The story of Deborah continues with recounting the battle between Israel and Sisera. Israel wins the battle by God sending a rainstorm down- in the middle of the dry season- which throws off Sisera’s army and throws them into chaos and confusion. Israel annihilated the enemy and killed them all. All but one. Sisera- who left the battle on foot (presumably because his chariot of iron got stuck in the mud and was useless) and ended up slain by Jael in her tent. I believe that Jael deserves her own story, so I won’t give a lot of the details of that part here- but through the actions of both these women and Barak, victory is won to Israel and peace is restored in the land for 20 years.
In Deborah’s song in chapter 5, she describes herself as “a mother in Israel”. I just want to take a look at that for a moment because I believe that there is much there in the word ‘mother’.
We don’t know if Deborah was a mother or not. The bible does not talk about any children of hers. It’s easy to assume though that she was, but when the word mother is used here, it is not speaking of her being a mother of children. It is talking about her being a mother of Israel. The commentaries say that the title was given to her as one of honor, respect and prominence.
If I just ended with that, I think that gives some insight to the honor, respect and prominence that God has for the role of motherhood. I think that is a beautiful reminder that the work that we do as mothers is seen by the God of the universe and is valuable to Him. In the midst of the busy-ness of our unglamorous lives between diapers and cheerios and battles about bedtime and bathtime and mealtime, etc, etc it is so easy to forget that what we do, MATTERS. It matters to the Most High God.
I think there’s also something to think about though in this story in regards to the idea of a woman who was leading Israel and her calling herself a mother. What can we learn from this story about how women lead and how God feels about women in leadership?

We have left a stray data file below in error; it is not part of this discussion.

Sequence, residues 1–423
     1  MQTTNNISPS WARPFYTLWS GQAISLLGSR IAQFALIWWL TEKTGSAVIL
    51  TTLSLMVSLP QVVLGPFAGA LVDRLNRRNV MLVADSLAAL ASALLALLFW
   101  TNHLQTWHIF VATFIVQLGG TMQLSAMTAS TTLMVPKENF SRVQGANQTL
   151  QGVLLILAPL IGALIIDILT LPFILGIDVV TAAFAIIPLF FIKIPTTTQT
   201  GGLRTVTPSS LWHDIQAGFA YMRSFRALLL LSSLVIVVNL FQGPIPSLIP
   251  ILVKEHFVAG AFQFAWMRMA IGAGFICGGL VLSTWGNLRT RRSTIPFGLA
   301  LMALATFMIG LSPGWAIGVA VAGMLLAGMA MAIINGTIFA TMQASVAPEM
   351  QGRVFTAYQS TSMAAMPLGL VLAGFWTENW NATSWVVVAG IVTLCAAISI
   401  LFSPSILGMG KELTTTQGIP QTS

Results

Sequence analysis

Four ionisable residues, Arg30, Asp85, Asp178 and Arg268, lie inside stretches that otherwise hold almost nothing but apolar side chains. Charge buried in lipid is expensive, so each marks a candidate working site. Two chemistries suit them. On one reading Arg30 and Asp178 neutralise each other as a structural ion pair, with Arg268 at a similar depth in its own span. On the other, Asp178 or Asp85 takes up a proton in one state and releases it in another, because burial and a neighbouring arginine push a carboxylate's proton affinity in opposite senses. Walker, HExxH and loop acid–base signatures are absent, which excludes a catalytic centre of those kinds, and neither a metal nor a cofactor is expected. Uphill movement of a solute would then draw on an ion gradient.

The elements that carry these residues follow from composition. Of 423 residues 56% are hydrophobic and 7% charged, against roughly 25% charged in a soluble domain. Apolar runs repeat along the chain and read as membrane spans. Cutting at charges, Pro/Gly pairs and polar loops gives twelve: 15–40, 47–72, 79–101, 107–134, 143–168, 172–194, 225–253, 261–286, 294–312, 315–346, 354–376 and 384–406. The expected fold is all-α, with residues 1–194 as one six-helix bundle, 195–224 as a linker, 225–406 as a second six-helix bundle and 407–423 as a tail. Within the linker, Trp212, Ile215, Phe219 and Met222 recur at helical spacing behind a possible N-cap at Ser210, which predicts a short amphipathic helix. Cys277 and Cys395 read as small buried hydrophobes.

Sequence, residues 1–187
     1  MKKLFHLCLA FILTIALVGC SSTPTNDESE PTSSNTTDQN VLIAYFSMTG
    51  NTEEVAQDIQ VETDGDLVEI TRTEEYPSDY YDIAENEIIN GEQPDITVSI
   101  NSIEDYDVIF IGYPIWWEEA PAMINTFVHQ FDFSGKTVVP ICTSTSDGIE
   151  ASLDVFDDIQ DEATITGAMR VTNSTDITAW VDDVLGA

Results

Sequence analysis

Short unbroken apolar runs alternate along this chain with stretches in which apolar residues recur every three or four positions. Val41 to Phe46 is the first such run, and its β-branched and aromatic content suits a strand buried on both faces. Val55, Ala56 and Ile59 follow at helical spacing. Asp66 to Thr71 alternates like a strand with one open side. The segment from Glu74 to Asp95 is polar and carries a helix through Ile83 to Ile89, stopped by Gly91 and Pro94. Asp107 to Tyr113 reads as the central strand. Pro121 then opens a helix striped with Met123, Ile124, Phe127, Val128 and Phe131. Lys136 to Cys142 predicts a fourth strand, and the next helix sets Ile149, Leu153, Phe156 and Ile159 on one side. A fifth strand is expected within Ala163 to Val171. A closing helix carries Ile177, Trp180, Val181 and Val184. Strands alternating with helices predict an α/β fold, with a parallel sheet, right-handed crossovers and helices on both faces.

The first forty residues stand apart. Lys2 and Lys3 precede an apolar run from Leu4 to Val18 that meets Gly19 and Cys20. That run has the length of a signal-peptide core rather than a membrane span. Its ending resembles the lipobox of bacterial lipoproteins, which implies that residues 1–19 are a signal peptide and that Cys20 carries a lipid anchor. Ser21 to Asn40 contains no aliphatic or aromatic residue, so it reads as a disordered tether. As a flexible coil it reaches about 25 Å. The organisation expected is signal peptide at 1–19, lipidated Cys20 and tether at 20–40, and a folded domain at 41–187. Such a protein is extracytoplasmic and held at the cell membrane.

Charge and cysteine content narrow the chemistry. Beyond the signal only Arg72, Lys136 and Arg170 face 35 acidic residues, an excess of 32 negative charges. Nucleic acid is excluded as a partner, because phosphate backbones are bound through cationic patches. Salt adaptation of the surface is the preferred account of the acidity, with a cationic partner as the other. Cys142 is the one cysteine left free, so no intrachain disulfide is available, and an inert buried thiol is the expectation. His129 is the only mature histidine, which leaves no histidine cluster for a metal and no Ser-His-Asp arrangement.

Well, first- we find this story in the Bible with nothing in or around it written that suggests that God has a problem with a woman leading. In fact, she was the judge who was written about in the most positive light. This says to me (along with other examples elsewhere in the Bible) that God does not have a problem with women leaders. Some of you may be reading this and thinking that that is a super obvious conclusion. But others of you may be surprised by that. I am not personally surprised by it, but I feel as though this is an important thing for me to learn and understand at the season of life that I am currently in.
Second- there are a lot of words that come to mind when we hear the word ‘mother’. What do you think of? Well, to name a few; protector, hospitable, tender, kind, caring for needs, caring for the weak and oppressed, putting the needs of others before our own, seeking the good of others before our own, sacrificial, servant…
This is how Deborah describes her leadership of Israel. Men and women are both called to be leaders, but I believe that our leadership looks different. I believe the differences are good and the differences were created intentionally by God. So many of the stories in the Bible that highlight influential women, seem to begin with that woman simply serving those around her. Maybe through food or hospitality or wisdom. And as she rises to leadership, she does so because she has gained the trust and love of the people around her and she continues to be loved and trustworthy because she doesn’t forget the people she is serving. She speaks for those who cannot speak for themselves. She protects those who are defenseless. Just like a mother.
What would happen I wonder, if us women caught the heart of God for the weak, the poor, the defenseless and became mothers for our world? That is, I believe, what we were created to do. We are world changers.
Deborah was a great leader. We would all do great to learn from her and follow her lead and immulate her faith. No doubt in my mind about that. The way that she sacrificially loved and served her people on behalf of her God points towards the way that thousands of years later, the Ultimate Judge would come. He came because He loved. He came to serve and sacrifice himself in order to save the people who would continue to sin and make poor life choices because without Him, it’s impossible for us to make good ones. And that is ultimately what the story of Deborah is about. It’s about the true Hero who has come to save us all, and how when He comes, our lives change. And when our lives change He can work through even the smallest people to make the biggest changes.